The word “malocclusion” refers to the misalignment of teeth between the top (maxillary) and lower (mandibular) dental arches of dogs. Although dental malocclusion may affect any dog of any breed, it is considered a highly prevalent disease in the world of purebred dogs.
Malocclusions can be broken down into four classes of infection. Those classes are:
- Class I: The mandible and maxilla are of similar length in this kind of malocclusion, however one or more teeth are misplaced.
- Class II: This occurs when the maxilla exceeds the mandible in length. This may happen unilaterally (on one side) or bilaterally (on both sides) (on both sides).
- Class III: This is caused by the mandible being longer than the maxilla. This, like Class II malocclusions, may occur unilaterally or bilaterally. In brachycephalic breeds, this malocclusion is considered “natural.”
- Class IV: In this kind of malocclusion, one side of the mandible is longer than the maxilla, while the other is shorter.
Individual tooth disparities (Class I) are regarded non-genetic, while jaw length problems (Class II, III, and IV) are considered hereditary.
Furthermore, there are certain Class I malocclusions that are more common in particular dog breeds (Shetland sheepdogs and standard poodles, for example). As a result, it is believed that these malocclusions are also hereditary.
The issue with malocclusions isn’t only that they’re ugly; misplaced teeth may also be uncomfortable. Trauma to the lips, palate, or gums may occur depending on the kind of malocclusion.
Symptoms and Identification
The majority of malocclusions in dogs are asymptomatic. Even though it’s obvious from their intraoral injuries that they’re in agony, many dogs don’t show any outward indications of discomfort. Some people, however, may have obvious oral bleeding. However, their owners may notice an unpleasant stench emanating from their lips.
Malocclusion is typically quite obvious to the naked eye of dog owners too. Simple observation, even at a very young age (before the adult teeth grow in), is usually sufficient in diagnosis.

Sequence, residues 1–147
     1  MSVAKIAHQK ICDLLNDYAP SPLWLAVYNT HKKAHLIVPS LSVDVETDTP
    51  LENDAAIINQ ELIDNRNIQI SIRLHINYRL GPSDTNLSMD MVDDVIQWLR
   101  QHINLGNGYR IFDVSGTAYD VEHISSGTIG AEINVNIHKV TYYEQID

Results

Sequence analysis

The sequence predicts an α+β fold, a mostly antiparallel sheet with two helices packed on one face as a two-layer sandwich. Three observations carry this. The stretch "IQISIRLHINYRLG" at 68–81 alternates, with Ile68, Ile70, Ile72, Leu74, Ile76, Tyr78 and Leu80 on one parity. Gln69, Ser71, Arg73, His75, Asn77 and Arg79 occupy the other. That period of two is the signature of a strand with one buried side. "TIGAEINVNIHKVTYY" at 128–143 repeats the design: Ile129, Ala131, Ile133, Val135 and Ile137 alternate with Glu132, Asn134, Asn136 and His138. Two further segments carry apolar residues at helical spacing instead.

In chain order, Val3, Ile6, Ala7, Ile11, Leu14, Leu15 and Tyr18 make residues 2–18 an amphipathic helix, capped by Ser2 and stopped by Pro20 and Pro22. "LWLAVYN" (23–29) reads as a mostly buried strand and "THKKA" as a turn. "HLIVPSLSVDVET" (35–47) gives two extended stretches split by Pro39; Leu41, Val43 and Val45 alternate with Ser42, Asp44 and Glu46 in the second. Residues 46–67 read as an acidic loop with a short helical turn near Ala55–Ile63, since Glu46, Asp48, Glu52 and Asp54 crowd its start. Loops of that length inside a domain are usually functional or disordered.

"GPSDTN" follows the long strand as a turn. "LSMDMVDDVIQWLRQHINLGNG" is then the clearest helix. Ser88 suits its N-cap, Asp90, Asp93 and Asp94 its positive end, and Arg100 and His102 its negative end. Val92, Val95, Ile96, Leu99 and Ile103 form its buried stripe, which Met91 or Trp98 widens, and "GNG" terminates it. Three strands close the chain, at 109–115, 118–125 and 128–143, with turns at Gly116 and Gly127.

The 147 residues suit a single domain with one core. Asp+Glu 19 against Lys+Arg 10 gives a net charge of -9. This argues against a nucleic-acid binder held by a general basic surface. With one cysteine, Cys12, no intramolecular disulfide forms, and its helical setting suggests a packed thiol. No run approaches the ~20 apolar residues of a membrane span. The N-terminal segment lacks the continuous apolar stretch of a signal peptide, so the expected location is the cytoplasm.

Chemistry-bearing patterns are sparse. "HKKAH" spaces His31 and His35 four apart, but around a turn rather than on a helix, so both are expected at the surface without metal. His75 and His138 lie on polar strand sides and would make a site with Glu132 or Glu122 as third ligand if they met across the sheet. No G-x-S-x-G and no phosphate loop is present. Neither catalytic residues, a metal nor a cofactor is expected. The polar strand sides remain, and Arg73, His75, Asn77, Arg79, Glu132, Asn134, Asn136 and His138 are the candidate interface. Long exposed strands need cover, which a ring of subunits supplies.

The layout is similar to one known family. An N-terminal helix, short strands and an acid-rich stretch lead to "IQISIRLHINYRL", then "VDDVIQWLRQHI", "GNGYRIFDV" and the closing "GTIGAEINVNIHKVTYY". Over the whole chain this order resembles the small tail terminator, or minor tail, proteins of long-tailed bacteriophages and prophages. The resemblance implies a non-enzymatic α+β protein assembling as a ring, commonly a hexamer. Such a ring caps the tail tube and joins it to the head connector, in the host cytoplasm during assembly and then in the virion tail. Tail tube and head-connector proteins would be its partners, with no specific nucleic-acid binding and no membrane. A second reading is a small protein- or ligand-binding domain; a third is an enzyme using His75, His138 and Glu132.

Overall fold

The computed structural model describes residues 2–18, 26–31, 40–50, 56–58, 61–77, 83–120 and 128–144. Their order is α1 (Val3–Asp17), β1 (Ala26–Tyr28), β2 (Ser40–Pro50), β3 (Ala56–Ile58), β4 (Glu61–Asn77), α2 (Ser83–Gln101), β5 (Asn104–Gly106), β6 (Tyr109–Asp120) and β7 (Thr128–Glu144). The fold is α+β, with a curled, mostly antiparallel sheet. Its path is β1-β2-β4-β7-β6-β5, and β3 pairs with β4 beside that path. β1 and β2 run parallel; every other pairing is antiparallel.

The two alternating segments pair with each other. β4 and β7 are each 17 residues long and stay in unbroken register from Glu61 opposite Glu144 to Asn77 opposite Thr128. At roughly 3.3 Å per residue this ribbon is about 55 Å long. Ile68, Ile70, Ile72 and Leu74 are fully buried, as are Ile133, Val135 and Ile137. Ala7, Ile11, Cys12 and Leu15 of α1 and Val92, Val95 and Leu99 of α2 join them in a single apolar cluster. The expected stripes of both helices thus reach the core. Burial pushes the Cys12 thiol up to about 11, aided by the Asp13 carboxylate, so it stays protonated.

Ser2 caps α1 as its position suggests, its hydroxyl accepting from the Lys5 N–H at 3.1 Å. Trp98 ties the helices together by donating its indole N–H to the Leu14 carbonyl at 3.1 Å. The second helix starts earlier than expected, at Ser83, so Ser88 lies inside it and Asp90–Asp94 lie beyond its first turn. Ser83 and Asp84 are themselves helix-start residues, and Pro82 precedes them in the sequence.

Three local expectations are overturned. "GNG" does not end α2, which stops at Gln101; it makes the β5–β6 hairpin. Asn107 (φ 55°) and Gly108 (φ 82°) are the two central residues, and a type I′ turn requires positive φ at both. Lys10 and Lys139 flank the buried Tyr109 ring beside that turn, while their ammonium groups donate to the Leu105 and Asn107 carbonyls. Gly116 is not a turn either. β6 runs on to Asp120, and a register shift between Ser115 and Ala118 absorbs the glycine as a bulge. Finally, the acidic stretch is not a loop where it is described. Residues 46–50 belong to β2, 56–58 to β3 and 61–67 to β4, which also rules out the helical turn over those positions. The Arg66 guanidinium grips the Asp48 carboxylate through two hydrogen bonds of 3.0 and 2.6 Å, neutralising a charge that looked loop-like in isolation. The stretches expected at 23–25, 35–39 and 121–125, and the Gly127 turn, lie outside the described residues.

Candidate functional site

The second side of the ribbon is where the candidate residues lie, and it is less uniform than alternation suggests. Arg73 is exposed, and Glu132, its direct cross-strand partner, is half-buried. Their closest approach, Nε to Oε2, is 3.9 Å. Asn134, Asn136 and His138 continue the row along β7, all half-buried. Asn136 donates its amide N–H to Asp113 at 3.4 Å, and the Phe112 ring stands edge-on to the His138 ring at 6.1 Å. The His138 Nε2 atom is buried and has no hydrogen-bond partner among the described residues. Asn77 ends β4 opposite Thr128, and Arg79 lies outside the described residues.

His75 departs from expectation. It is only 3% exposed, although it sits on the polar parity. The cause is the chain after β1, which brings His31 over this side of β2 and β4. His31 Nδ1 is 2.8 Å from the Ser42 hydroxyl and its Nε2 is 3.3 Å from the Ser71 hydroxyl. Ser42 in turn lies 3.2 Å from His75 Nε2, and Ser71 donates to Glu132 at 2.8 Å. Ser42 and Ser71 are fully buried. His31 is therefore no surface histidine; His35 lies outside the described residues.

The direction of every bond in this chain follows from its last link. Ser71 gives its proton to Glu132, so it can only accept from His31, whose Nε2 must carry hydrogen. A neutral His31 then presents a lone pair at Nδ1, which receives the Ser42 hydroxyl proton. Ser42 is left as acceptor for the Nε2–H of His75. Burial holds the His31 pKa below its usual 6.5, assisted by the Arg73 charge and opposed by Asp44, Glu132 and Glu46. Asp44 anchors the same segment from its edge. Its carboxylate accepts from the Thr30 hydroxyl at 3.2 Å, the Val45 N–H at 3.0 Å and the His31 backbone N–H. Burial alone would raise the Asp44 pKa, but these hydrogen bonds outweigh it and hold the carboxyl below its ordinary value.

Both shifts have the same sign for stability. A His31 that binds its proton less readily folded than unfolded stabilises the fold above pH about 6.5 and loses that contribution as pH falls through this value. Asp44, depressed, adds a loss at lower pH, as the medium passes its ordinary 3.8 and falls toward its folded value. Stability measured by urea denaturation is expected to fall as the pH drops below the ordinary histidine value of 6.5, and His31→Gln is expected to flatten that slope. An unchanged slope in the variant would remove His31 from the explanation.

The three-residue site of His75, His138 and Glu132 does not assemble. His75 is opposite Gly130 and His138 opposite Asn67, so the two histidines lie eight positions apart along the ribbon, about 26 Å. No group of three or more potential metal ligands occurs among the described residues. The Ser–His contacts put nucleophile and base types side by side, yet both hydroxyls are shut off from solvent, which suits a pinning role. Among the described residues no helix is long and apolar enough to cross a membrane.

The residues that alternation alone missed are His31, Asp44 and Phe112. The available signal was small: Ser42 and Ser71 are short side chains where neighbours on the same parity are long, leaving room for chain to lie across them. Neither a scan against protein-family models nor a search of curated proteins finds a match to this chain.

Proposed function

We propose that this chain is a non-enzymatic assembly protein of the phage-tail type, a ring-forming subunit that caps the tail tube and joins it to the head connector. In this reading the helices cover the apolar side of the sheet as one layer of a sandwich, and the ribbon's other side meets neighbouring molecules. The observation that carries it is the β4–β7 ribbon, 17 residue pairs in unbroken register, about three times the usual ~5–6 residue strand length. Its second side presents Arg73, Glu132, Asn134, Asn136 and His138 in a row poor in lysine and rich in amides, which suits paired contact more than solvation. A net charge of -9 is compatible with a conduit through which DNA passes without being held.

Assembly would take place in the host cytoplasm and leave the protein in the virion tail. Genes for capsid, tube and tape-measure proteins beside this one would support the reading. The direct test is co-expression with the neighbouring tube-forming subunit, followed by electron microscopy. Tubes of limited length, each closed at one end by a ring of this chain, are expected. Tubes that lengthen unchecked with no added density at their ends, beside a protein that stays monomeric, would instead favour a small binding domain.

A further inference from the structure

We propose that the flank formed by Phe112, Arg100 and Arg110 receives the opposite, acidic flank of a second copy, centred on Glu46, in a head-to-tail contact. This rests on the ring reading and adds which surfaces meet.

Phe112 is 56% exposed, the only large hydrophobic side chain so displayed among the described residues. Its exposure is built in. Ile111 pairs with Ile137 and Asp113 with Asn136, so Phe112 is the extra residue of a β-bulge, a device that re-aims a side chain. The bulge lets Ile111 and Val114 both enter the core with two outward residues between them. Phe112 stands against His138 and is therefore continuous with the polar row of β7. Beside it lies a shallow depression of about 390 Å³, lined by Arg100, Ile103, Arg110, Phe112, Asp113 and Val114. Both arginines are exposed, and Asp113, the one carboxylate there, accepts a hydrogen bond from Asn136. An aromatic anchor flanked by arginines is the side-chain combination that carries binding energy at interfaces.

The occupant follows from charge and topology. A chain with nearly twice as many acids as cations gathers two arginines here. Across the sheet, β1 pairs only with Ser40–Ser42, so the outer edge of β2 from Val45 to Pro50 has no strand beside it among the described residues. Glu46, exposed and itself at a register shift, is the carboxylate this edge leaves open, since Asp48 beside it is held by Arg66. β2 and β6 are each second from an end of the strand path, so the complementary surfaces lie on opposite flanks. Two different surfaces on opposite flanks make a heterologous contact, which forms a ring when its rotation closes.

However, in certain instances, a diagnosis of a malocclusion cannot be made firmly until the adult teeth are fully in position. Temporary paediatric malocclusions may disappear because the mandibular and maxillary bones develop at separate rates.
Breeds with the most pronounced differences in head shape from their proto-dog forefathers seem to be the most vulnerable to these. While dolicocephalic breeds (dogs with a relatively long skull) are also susceptible, brachycephalic breeds (short nosed or flat faced dogs) are the most severely impacted. Certain malocclusions are regarded “typical” for brachycephalic breeds, as previously stated above.
Dog breeds particularly at a higher percentage of risk are, but not limited to:
Malocclusions, in most instances, do not need therapy. However, it may be required as a consequence of painful intraoral lesions caused by tooth misalignment. The following treatments may be suitable depending on the location of the trauma-inducing tooth injury:
- Removal of the infringing deciduous (baby) tooth/teeth. The adult counterpart of this tooth may or may not cause a future issue.
- Permanent (adult) tooth/teeth extraction
- Orthodontic treatment to move the troublesome tooth/teeth.
- Extraction of the problematic tooth/teeth. The crown of the tooth (the portion of the tooth above the gum line) may be excised in certain instances. This method is more complicated than it seems since the root must be carefully maintained throughout the procedure.
It should be noted that treatment is not advised only for aesthetic reasons. Indeed, engaging in any dental procedure only for cosmesis is widely seen as unethical.
The veterinarian cost of malocclusion is determined by the extent of therapy required. For example, if dental extraction is required, the costs will vary based on the age of the problematic tooth/teeth and the number of roots it carries. Prices for extractions typically vary widely from £250 to £1,750 in UK veterinarian surgeries.
Crown amputation and crucial pulp treatment, on the other hand, may be prohibitively costly since board-certified veterinary dentists are usually consulted. (Prices range between £2,000 and £3,000 per tooth.)
Orthodontics are equally, if not more, costly because to the numerous anaesthetic treatments needed.
Ongoing costs should be anticipated as well, considering that many malocclusion patients must be evaluated for changes in their dental alignment.
Furthermore, dogs who undergo critical pulp treatment will be obliged to have dental X-rays taken for the rest of their lives.
Given that many breeds of dogs suffer from aberrant dental alignment by specification of their breed standard, avoiding malocclusion may be impossible in the context of a particular breed of dog.
Ideally, prevention entails modifying breed standards to allow for characteristics that reduce the likelihood of severe malocclusion, especially in brachycephalic breeds.
- Wikipedia – https://en.wikipedia.org/wiki/Malocclusion
- Wikivet – https://en.wikivet.net/Dental_Malocclusion
- Veterinary-practice.com – https://www.veterinary-practice.com/article/recognising-malocclusion-in-dogs-and-cats
- UKDogOwner Find A Vet – https://ukdogowner.co.uk/find-a-vet/